Ms. Vidal was one of Argentina’s most popular politicians, prompting months of rumors of a “Plan V” – which would have seen Mr. Macri step down as the Cambiemos candidate, and Ms. Vidal lead the ticket. When that did not materialize, supporters of the governor floated another idea, to decouple the provincial and national elections to let Ms. Vidal capitalize on her popularity and avoid an association with an unpopular president. But that would have deprived Mr. Macri of Ms. Vidal’s coattails in a brutal electoral battleground, and so Ms. Vidal agreed to run for reelection on the same day as Mr. Macri. That decision might have cost her the election.


In polls leading up to the PASO, Ms. Vidal was expected to lose to her Peronist opponent, ultra-kirchnerista Axel Kicillof, but she was at least expected to outperform Mr. Macri, due to ballot splitting. As it turned out, Ms. Vidal seriously underperformed in August, attracting only 34 percent of the vote compared to Mr. Kicillof’s 53 percent, a 19 percent margin. In the general election, Ms. Vidal improved her performance, but only by four percentage points, losing to Mr. Kicillof by a wide margin. For now, it appears her failure to replicate Mr. Macri’s comeback has weakened her image as the future leader of her coalition.


On the other hand, the biggest victor of the night for the governing coalition was Buenos Aires Mayor Horacio Rodríguez Larreta.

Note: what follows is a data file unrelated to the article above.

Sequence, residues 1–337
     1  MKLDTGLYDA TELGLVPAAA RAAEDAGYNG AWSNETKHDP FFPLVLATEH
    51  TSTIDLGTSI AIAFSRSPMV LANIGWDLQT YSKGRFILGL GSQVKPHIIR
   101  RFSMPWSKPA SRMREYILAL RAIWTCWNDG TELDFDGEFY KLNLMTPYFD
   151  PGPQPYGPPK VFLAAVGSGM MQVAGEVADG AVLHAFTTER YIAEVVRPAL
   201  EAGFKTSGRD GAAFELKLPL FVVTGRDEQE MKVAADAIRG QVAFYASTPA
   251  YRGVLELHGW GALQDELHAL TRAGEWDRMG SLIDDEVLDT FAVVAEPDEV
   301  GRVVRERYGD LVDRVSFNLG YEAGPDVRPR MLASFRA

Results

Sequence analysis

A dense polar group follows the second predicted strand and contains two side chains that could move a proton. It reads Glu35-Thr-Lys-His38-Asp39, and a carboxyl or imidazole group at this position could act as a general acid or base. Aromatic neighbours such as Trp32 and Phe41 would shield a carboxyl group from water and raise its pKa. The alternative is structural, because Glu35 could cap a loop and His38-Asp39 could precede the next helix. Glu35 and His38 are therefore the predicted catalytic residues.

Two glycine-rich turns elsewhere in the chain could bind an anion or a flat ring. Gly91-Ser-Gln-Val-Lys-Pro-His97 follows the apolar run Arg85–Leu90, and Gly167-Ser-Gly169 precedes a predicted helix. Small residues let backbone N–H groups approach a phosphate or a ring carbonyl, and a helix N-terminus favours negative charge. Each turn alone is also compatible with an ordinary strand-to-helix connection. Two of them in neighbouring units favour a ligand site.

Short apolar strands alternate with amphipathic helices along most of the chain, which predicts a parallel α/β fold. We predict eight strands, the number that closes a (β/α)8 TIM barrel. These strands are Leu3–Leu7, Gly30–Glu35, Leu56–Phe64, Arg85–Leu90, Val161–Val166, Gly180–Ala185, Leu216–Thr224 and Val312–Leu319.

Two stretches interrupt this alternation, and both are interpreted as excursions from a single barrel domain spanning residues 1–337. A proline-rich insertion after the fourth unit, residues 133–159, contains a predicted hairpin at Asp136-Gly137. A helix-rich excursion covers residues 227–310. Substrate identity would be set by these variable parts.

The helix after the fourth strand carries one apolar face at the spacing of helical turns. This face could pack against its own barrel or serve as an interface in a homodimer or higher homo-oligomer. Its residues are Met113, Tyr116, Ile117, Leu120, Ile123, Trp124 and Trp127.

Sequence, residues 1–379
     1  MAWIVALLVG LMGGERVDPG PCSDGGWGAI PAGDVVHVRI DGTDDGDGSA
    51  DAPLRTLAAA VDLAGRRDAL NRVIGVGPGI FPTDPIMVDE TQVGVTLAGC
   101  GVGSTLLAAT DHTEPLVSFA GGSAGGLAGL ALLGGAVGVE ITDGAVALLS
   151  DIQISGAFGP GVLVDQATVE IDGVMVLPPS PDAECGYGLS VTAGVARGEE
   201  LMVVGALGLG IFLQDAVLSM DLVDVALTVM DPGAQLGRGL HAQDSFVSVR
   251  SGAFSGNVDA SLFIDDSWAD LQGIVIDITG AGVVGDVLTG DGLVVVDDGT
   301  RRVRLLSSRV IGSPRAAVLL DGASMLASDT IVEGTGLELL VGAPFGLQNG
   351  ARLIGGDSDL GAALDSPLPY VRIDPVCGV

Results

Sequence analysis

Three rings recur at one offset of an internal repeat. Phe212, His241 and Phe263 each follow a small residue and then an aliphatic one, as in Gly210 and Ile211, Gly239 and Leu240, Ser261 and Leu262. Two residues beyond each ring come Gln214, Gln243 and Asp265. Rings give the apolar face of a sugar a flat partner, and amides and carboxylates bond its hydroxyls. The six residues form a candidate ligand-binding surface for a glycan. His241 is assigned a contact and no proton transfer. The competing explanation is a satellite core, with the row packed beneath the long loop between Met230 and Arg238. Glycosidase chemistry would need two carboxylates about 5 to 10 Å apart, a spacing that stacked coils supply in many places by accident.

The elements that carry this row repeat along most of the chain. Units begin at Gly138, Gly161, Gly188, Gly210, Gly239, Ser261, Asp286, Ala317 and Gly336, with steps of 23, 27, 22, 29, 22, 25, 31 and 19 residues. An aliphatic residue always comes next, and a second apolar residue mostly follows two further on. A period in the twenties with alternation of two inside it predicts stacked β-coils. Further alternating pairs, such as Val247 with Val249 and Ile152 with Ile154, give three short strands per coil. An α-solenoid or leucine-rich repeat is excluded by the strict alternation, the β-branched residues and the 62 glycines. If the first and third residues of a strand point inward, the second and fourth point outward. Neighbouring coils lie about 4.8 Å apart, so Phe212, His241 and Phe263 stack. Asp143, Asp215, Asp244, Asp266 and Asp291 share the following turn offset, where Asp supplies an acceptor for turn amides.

Mr. Larreta succeeded Mr. Macri as mayor in 2015, and has presided over important achievements, including improving city infrastructure and expanding the government’s presence in Villa 31, one of Argentina’s largest slums. He also had the advantage of running in the capital city, a stronghold for Mr. Macri’s party, the Republican Proposal (PRO), which benefitted over the last four years from Mr. Macri’s support and the national government’s resources.


In any context, defeating Mr. Larreta would have been tough for the Peronists. In this case, the opposition gambled on an outsider, Matías Lammens, as its candidate. Mr. Lammens is president of one of Argentina’s most important soccer clubs, San Lorenzo, and is young and charismatic. But in the PASO, Mr. Larreta performed well, capturing 50 percent of the vote, compared to Mr. Lammens’s 35 percent. In the election on Sunday, Mr. Larreta crushed his opponent, winning by 21 percentage points. Though he failed to make inroads in Villa 31 – where voters supported the Peronists by a margin of more than 30 percent – it was the first time since the PRO gained power in Buenos Aires in 2007 that the party avoided a run-off election. Undoubtedly, this strengthened Mr. Larreta’s claim as the natural heir to Mr. Macri, another former Buenos Aires mayor, who is also known more for his administrative know-how than his charisma.


United We Stand, Divided We Fall